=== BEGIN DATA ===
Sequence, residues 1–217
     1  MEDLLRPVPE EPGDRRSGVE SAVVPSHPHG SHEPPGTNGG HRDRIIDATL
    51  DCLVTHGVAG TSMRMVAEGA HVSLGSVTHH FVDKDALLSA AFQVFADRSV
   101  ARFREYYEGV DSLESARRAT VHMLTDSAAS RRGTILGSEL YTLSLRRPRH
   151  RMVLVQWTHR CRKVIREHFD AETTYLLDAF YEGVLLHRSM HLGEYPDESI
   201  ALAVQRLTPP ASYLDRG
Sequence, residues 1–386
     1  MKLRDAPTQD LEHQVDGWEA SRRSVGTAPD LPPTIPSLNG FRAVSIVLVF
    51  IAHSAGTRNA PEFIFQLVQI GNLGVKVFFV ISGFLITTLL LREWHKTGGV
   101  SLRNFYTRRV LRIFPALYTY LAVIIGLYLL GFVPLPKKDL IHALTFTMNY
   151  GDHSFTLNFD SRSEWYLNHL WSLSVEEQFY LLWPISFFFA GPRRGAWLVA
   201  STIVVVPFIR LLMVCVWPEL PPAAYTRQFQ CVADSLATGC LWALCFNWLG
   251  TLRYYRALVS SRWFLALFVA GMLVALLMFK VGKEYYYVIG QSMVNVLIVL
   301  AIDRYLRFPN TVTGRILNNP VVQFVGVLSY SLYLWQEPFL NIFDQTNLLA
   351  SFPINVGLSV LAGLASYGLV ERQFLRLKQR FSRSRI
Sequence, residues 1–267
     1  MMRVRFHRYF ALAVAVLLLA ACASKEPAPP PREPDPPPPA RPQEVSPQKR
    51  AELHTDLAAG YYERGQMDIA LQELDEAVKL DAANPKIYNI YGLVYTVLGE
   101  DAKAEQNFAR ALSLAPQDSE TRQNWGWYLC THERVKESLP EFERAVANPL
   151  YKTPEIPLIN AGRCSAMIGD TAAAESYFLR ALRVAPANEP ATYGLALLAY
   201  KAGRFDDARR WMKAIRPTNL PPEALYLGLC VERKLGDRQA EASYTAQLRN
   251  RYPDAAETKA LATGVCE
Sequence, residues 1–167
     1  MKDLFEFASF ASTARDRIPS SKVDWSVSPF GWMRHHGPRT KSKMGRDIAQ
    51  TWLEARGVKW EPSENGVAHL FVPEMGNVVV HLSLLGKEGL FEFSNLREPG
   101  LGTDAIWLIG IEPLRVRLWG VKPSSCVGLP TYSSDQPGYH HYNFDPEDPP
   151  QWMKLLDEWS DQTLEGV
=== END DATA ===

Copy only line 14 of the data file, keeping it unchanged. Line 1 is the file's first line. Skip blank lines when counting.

   301  AIDRYLRFPN TVTGRILNNP VVQFVGVLSY SLYLWQEPFL NIFDQTNLLA